The Legacy of NAFTA and U.S. Foreign Policy
Start: October 30, 2013 12:15 PM
The 11th Annual California Western School of Law - UC San Diego Speaker Series
NAFTA: 20 Years Later
WHAT: "The Legacy of NAFTA and U.S. Foreign Policy"
WHO: Kevin O'Reilly, Acting Deputy Assistant Secretary of State for Western Hemisphere Affairs, U.S. State Department
WHEN: October 30, 2013 from 12:15 p.m. - 1:15 p.m.
WHERE: California Western School of Law, Room 2C
About the 2013-2014 Joint Speaker Series
On January 1, 1994, the North American Free Trade Agreement (NAFTA), the seminal regional trade pact among Canada, Mexico, and the United States, entered into force. On that same day, a group of indigenous peoples in Chiapas began the Zapatista uprising in Mexico, challenging the liberalization that NAFTA represented.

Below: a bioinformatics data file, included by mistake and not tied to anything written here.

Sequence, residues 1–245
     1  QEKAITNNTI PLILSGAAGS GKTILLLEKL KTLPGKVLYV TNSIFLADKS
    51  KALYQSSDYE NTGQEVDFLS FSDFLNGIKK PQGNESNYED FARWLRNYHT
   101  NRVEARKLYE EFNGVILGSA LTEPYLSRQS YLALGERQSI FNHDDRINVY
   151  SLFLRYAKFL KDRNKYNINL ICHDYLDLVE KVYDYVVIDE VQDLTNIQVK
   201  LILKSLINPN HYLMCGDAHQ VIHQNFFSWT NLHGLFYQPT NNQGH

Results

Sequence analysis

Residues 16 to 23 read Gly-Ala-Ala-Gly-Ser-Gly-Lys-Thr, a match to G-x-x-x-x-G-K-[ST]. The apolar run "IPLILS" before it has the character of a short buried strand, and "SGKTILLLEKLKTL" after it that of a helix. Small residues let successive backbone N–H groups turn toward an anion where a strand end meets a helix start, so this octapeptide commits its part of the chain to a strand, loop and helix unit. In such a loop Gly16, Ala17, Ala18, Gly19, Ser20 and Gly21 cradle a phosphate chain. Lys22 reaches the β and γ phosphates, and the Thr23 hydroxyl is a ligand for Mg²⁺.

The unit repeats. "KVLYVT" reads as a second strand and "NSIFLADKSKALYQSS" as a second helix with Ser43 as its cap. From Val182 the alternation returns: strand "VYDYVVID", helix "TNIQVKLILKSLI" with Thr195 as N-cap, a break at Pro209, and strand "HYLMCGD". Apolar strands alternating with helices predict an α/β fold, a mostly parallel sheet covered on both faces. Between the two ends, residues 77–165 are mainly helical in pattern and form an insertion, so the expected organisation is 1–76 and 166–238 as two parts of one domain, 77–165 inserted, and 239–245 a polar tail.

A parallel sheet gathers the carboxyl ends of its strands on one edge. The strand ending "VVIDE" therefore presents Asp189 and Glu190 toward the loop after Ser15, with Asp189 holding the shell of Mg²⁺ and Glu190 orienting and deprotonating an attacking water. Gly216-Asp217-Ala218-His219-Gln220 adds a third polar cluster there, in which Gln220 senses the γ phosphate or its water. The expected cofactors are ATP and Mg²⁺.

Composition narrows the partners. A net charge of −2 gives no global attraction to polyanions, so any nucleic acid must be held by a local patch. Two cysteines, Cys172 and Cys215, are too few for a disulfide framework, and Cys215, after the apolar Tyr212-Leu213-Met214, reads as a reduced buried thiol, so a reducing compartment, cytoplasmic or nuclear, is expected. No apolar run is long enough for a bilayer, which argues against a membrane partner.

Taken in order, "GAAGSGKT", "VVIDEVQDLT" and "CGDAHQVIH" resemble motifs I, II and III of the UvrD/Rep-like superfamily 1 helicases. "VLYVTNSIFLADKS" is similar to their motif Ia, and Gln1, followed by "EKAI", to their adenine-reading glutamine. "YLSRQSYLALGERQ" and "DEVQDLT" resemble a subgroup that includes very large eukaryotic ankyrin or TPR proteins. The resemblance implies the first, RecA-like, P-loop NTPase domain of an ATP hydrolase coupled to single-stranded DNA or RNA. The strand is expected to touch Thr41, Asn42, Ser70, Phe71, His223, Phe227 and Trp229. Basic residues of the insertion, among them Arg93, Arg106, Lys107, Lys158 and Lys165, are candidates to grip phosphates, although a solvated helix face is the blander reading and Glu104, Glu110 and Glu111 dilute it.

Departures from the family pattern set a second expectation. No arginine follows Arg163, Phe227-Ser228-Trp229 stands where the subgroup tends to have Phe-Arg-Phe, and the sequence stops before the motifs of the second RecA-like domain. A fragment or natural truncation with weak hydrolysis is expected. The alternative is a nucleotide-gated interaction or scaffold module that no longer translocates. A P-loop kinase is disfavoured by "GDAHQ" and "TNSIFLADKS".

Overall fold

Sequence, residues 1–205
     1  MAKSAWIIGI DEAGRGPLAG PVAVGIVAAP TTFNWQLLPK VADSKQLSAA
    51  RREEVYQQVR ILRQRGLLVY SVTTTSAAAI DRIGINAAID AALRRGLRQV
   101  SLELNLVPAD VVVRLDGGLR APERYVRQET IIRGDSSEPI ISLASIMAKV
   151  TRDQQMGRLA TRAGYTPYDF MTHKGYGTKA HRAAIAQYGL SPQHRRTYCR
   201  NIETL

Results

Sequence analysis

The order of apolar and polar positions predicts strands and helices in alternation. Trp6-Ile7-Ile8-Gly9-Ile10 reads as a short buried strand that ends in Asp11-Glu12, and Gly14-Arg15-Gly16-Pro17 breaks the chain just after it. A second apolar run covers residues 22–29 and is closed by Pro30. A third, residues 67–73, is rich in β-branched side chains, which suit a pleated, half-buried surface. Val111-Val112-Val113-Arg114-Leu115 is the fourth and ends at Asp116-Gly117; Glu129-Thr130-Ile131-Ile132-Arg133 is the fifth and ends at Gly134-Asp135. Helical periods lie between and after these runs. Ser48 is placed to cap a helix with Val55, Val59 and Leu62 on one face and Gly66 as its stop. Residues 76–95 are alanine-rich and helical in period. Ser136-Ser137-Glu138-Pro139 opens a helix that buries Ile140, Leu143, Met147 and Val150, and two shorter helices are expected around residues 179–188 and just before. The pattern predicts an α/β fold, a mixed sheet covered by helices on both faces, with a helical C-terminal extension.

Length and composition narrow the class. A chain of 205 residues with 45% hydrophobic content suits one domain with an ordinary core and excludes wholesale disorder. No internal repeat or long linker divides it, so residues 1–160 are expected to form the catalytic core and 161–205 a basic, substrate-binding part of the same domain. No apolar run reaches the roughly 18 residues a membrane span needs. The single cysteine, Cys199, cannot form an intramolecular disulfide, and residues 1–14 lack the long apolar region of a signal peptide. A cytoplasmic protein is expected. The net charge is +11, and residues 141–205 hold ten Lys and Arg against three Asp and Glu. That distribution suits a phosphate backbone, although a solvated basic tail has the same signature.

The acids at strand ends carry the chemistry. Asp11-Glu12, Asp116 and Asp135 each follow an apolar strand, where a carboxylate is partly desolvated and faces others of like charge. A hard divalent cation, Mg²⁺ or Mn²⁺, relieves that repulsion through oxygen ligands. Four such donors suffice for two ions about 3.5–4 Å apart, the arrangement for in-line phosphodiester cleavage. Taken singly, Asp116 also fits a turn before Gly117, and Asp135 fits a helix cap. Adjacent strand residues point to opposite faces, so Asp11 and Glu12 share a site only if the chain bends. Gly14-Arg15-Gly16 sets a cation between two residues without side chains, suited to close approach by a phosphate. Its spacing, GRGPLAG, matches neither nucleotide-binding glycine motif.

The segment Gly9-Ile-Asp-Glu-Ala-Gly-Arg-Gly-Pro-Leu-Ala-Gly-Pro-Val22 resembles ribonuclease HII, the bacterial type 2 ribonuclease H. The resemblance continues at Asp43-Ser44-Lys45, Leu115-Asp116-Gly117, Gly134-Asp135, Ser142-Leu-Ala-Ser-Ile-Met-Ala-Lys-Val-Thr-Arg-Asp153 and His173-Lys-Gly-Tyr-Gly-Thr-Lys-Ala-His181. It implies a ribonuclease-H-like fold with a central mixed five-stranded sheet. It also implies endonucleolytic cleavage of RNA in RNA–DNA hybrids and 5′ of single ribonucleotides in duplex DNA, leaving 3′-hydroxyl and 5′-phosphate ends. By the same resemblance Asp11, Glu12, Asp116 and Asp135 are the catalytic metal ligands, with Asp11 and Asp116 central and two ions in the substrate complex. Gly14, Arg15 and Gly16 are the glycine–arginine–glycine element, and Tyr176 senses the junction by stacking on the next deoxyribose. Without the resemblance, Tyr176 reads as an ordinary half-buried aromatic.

NAFTA was designed to integrate the economies of the three countries, and it was expected to have profound implications on security, immigration patterns, and economic growth. To the concern of its critics, NAFTA has now become the template for future regional and bilateral free trade agreements.
Twenty years later, NAFTA has changed the face of trade in the Americas. While it has promoted economic liberalization, NAFTA has also contributed to unprecedented social dislocation in Mexico and the United States. The 11th annual joint speaker series, co-sponsored by the Institute for International, Comparative and Area Studies at UC San Diego and the International Legal Studies Program at California Western School of Law, explores the contributions of NAFTA and the challenges it faces in the future.